The financial services company Sunlife and the investment and pensions company London Royal publish annual reports data on ‘the cost of dying’, although each approaches its calculation differently.
The overall cost of a funeral will include a fee for the burial or cremation. These are called ‘disbursements’. Burial and cremation charges vary substantially. No research has been completed on the way in which burial authorities arrive at the fees they charge, and any conclusions on the issue have to be drawn by inference and anecdote.
There are two elements to burial costs. First, there is the cost of use of the grave. In England & Wales, people do not ‘buy’ graves. Rather, people purchase the right to be buried in a particular plot. The owner of the burial right retains the right to decide who is buried in a given plot. Most people purchase ‘family’ graves where there is room for more than one interment. Right of burial is a legal contract between the right owner and local authority and can be transferred from one individual to another.
Second, local authorities charge a fee for the burial itself. Burial often takes place in existing space in a family grave is called a ‘re-open’, for which only the burial fee is payable, since the family already owns the burial right.
The grave can be dug to provide space for a flexible number, depending on soil conditions. For example, if the grave is dug for three interments, the first interment would be dug to sufficient depth to allow for subsequent burials on top. Legislation specifies the amount of space to be left between each coffin, and the depth of soil between the final coffin and the surface.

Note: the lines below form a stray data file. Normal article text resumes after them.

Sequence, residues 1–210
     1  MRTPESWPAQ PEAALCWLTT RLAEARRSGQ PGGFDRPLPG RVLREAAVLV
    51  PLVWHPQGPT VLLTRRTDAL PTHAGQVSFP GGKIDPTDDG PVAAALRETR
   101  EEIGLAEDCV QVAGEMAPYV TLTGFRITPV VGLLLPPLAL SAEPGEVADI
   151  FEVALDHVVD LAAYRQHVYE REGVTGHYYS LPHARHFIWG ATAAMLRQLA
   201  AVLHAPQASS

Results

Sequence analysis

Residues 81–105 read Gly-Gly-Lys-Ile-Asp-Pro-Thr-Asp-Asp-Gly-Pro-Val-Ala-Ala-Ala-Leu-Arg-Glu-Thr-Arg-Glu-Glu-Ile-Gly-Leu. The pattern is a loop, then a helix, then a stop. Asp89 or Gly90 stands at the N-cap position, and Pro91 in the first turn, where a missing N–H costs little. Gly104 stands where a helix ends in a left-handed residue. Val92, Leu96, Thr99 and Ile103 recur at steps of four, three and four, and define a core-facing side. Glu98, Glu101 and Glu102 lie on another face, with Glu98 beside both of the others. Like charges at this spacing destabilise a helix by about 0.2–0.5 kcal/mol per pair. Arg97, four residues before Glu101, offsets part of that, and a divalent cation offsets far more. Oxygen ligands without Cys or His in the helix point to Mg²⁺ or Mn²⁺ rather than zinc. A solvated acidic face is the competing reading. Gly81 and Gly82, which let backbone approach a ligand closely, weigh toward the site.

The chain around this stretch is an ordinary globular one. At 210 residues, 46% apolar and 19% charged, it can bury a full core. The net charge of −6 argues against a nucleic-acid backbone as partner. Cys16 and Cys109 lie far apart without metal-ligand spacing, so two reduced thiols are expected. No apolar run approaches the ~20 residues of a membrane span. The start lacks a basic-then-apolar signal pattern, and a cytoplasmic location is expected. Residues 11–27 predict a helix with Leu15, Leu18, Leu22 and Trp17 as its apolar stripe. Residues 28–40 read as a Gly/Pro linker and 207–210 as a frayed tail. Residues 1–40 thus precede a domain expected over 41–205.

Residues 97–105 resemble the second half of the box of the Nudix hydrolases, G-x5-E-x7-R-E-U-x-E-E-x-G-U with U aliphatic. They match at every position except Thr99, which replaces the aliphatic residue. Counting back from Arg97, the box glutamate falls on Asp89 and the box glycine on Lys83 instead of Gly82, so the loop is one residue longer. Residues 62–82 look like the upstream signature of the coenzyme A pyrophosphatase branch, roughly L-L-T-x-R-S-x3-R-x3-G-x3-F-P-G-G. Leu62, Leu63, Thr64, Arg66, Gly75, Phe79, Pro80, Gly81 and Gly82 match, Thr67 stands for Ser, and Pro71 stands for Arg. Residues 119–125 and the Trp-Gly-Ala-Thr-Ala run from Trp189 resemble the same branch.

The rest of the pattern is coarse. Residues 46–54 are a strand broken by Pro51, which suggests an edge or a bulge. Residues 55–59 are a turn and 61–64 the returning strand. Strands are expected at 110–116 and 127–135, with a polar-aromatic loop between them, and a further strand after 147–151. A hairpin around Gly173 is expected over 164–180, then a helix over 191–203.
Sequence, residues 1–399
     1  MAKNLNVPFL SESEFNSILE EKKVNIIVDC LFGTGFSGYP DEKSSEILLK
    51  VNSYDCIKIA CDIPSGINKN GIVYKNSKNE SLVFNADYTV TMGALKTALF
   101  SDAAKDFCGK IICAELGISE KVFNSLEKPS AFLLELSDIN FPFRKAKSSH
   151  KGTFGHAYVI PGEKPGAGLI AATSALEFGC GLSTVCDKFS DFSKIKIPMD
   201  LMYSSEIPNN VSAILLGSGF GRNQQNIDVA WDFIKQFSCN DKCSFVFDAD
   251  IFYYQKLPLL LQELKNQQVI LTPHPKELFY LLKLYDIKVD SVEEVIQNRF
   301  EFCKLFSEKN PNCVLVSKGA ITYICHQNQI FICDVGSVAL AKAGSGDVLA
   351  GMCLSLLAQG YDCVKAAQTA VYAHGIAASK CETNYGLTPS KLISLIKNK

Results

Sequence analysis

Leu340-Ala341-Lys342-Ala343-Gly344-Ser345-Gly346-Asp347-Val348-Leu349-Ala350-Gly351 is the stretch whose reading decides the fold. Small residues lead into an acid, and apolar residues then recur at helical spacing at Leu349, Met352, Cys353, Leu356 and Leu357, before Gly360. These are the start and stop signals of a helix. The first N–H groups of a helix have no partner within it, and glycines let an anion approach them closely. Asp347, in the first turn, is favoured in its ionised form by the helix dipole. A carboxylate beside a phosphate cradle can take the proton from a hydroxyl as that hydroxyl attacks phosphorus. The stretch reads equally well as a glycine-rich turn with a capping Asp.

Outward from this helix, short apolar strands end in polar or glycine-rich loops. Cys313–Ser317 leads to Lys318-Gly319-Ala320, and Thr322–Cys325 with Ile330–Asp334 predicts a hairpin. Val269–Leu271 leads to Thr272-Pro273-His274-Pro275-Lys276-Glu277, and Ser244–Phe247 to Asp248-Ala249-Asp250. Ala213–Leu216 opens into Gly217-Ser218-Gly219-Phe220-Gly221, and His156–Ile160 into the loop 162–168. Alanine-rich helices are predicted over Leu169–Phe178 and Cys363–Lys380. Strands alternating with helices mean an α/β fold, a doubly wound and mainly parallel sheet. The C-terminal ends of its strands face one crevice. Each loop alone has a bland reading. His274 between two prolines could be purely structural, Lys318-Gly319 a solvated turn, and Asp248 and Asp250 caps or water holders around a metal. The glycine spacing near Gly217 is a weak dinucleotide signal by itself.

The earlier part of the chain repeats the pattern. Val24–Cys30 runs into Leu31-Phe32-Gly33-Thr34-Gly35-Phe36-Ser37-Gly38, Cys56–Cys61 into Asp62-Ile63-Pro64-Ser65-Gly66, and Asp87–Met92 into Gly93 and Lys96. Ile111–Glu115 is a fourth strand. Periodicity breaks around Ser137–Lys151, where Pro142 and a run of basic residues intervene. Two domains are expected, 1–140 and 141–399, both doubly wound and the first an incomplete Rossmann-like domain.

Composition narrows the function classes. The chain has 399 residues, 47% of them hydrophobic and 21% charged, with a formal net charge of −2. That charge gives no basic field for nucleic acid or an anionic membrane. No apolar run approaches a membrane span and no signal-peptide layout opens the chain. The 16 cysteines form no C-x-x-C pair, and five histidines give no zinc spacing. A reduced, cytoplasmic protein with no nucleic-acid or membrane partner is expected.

The duration of burial rights is defined by burial authorities themselves. When cemeteries were first established, burial was ‘in perpetuity’, ie forever. More recent legislation has replaced ‘perpetuity’ with a maximum term of one hundred years. Most burial authorities sell rights that last perhaps fifty years. Both public and private graves are subject to legislation on the disturbance of human remains (see ‘Isn’t it illegal to disturb human remains?’).
Burial also takes place in ‘unpurchased’ or ‘public’ graves. Local authorities retain control of these spaces, and this type of grave may contain two or more coffins of unrelated individuals where family has chosen burial but decided not to purchase a burial right.
Crematoria are owned by a mixture of private companies and local authorities. According to the Cremation Society The privately-owned crematorium at Friockheim, Angus charged the highest fee in 2021 (£1,100). The lowest fee was charged at the City of Belfast Crematorium (£392).
Cremation fees will vary: lower fees are often charged at less popular times of the day – for example, first thing in the morning.
Local authority websites usually give details of their fees and charges for burial and cremation, and the types of graves and memorials they provide.
The ICCM Bereavement Services Portal can be searched geographically and by cemetery name.
Rugg, J. (2016) ‘Cost, choice and diversity: policy issues in burial and cremation in England’, in L. Foster and K. Woodthorpe (eds) Death and Social Policy in Challenging Times, Basingstoke: Palgrave.
Rugg, J. & Parsons, B. (2018) Funerary Practices in England and Wales, Bingley: Emerald Publishing.